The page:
The imminent closure of the Non-Domestic RHI, without any core and well thought through replacement support strategy is again, hugely damaging. Supply chain and installer businesses cannot plan or invest in either plant or recruitment and training, in a policy environment that moves from feast to famine. Whilst the Domestic RHI has been extended out until 31st March 2022, which is very welcome, even this household segment of the market does not yet have a credible long term strategy for what comes afterwards. The consulted upon Clean Heat Grant is both too short term (just two years) and is underfunded (supporting just 12,500 heat pump deployments per annum, rather fewer than is currently being deployed annually).
The HPF entirely accepts that government funding cannot be an open-ended proposition. In fact, members would prefer to operate in an unsubsidised market, but whilst it remains more financially attractive to burn high carbon fossil fuels, some level of tax-payer support cannot be avoided. The industry would like to use the forthcoming Energy White Paper, Heat & Buildings Strategy and the MHCLG consultation response on Building Regulations and the Future Homes Standard to work constructively with government to develop a set of medium to long term strategic policies to drive decarbonisation of the built environment in pursuit of Net Zero 2050, whilst progressively moving from public intervention to private investment.
The two immediate COVID-19 interventions are, again, examples of government funded mechanisms which do not recognise the timescales involved in the successful positioning, sale and delivery of high quality heat pump systems. The Green Homes Grant and the Public Buildings Decarbonisation Scheme (PBDS), both partly aimed at heat pump deployment, were both launched with initial deadlines for expenditure of 31st March 2021. It is just not possible to get public procurement or planning consent processes to work that quickly. Whilst it is laudable for government to inject significant sums into the economy as part of the COVID-19 response, the desired outcome must be both genuine decarbonisation and long lasting, skilled new employment. Six month programmes risk attracting poorly qualified entrants to the various markets, employing unskilled labour, resulting in poor quality and dreadful outcomes for consumers, with the labour joining the ranks of the unemployed again on 1st April. It is therefore to be welcomed that the Green Homes Grant has been extended out to 31st March 2022. Given that larger commercial projects are more complex to plan and deliver, an equivalent extension of the PBDS must be the minimum outcome. The suggested extension to 30th September is just not long enough. The heat pump sector could make a tremendous impact using the PBDS, and this would reflect true central and local government leadership by example, but a viable timescale is essential if the public investment is to result in the sort of energy infrastructure value that ground- and water-source heat pump installations provide.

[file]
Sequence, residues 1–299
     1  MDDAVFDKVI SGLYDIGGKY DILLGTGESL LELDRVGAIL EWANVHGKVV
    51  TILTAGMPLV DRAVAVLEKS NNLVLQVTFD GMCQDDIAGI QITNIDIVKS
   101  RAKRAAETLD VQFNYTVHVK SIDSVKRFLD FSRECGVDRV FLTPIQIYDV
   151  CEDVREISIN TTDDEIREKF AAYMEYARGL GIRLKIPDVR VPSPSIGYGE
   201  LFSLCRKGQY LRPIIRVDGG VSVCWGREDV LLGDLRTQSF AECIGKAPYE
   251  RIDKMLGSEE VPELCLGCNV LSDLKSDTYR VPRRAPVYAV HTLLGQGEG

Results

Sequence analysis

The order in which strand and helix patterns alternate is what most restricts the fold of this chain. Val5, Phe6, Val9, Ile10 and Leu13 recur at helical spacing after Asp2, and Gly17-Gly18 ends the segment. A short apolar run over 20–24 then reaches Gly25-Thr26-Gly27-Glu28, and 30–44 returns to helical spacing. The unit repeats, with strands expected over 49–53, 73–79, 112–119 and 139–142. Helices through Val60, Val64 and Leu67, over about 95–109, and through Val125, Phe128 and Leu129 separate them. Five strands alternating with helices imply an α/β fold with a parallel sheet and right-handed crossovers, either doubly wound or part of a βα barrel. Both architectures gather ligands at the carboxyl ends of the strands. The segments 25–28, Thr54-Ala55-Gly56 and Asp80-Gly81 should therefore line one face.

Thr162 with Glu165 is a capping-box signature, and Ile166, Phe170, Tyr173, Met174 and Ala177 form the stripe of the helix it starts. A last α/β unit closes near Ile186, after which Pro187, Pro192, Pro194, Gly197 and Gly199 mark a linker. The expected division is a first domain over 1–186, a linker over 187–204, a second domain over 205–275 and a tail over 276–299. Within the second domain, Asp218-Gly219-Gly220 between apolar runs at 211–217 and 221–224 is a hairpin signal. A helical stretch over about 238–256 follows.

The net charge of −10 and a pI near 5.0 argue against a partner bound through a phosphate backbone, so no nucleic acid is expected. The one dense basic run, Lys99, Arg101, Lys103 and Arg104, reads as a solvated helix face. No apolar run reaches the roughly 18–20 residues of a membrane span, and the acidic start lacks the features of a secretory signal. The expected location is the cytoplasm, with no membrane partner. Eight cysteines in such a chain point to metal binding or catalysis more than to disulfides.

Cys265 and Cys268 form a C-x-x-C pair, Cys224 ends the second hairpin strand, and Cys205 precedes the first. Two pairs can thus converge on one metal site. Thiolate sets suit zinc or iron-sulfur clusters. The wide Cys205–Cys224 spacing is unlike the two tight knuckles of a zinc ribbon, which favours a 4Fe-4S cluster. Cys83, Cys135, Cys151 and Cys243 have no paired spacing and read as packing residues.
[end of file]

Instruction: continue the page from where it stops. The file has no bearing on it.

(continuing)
It has been government policy for decades to keep the price of fossil fuels, particularly gas, low, whilst artificially inflating the price of electricity. When electricity generation was largely driven by the combustion of coal, applying 100% of the environmental levies to electricity was reasonable – the polluter was paying. The situation has now fundamentally changed. Electricity is routinely the lowest emissions primary fuel and yet it is still penalised with the full weight of the environmental levies – the polluter is no longer paying. The spark gap between gas and electricity pricing needs to be addressed. Doing so, in incremental stages, over a very extended timescale will minimise the impact on householders. Parallel provision of excellent advice and assistance to reduce energy demands could mean that overall expenditure on energy does not have to increase - pay more for it, but use less of it. It would be perfectly possible to identify mechanisms to protect those in comfort poverty. The UK has one of the widest spark gaps in Europe and, as a direct result, has very low heat pump penetration. By contrast, Sweden has a spark gap of almost zero and, unsurprisingly, has a heat sector dominated by heat pumps.
Recognition of the need for stable medium to long term policy is essential. It is vital for government to seek and gain cross-party consensus in order to construct an energy policy that is fit for the purpose of delivering net zero over the next thirty years. Any risk that energy policy will fundamentally shift from one parliament to the next will be disastrous.